Welllllcohm, wellllllcohm. Hospitality is a hallmark here. They shake hands over and over and seem glad to see you, a long lost friend even though just met, rolling their tongues over the “l” as if tasting it. They are interested in knowing who you are, smiling and nodding and committing to a long drawn out “yeeeeeesssss” when they clearly have no idea what you have just said. Which actually is not that often.
I met David this morning. He was building a wooden box which looked suspiciously like a coffin. We chatted for a while as I helped him line up the beading he was trimming the box with. Turns out it was indeed a coffin. For a friend. He had known the deceased very well and was close to him. Building his coffin was an honour and one way he could show his respect. He said something interesting. “Too often in our cultures we dismiss the body of someone who has died, as if to say the person was not important. I want this coffin to be my very best work, to say that he was important to us and in the eyes of God.” What could I say to that except agree? I told David that that often the reverse was true of us – too often we ignore a person then want to say what a good influence they us when it is too late. And that sometimes a person who has led a dissolute life is praised up for all their good work, but only after they are dead. David laughed and agreed that was often the case here too. A funeral is not a good place after all to be saying bad things about a person even if they were a thief. I have to agree.
I had lunch with Daniel where, over a stew and some rice he told me he had been recruited into the military as a twelve year old, taken into camps in Ethiopia and trained and then returned to his home country of Sudan. One of the legendary, some say notorious boy soldiers, now fully immersed in rebuilding his country. There is going to be more to this story as we spend time together. But as I wandered back to my apartment in the afternoon reflecting on these and other characters I met today I was struck by what a privilege it is to visit – any country. For apart from any other impressions foreign places and people leave on me these trips only reinforce that I know three quarters of three fifths of very little about the world we live in. Daniel connected his story by mentioning years, as if they were the only anchor points he has. Given he has no idea when he was born that is probably true. So when he mentioned 1988, or 1994 or 1996 or 2001 I was doing my own mental checklist of what I was doing in those years and realizing I was oblivious to all that he would have been going through. It’s a story that silences you at every level that it is told or represents. And yet his capacity for forgiveness and compassion seems unplumbed and he is devoted to restoring his people. I will be flying up to his home territory in a few days. And all he has done is fuel my desire to see it for myself.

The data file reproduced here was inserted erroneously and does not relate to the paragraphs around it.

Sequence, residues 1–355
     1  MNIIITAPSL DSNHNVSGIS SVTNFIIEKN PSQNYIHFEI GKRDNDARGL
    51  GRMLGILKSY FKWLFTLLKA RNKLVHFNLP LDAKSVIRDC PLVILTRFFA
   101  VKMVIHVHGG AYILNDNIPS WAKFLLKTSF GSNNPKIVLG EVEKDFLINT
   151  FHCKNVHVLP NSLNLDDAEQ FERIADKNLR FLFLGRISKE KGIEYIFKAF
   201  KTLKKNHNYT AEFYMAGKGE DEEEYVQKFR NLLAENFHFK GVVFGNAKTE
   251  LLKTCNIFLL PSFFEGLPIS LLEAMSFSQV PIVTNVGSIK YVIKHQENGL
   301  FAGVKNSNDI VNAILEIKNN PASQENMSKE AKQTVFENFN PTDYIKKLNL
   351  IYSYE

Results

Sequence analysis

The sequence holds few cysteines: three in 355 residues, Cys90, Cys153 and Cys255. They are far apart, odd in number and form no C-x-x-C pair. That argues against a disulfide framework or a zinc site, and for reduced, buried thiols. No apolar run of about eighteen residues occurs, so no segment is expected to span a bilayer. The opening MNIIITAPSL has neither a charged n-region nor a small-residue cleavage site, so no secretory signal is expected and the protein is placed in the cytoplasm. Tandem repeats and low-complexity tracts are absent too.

Before I finish up for the day I check in on David. The coffin is getting a coat of primer. Chrome towel rails adorn the side as handles for the bearers. It is a simple affair but if love can be measured in carets this thing is undiluted gold of the purest 24 quality and no one would be able to lift it. I leave him to it – he has a way to go yet and is convinced he will have it completed by nightfall. But not if I stand around chatting to him. But David and his coffin are an enduring theme today. Before I fly to Sudan I am to sign a declaration that I have advised at least two people in Australia as to what is to happen to my body should it and spirit be unexpectedly separated. Makes travel planning a little bit more serious than the usual.
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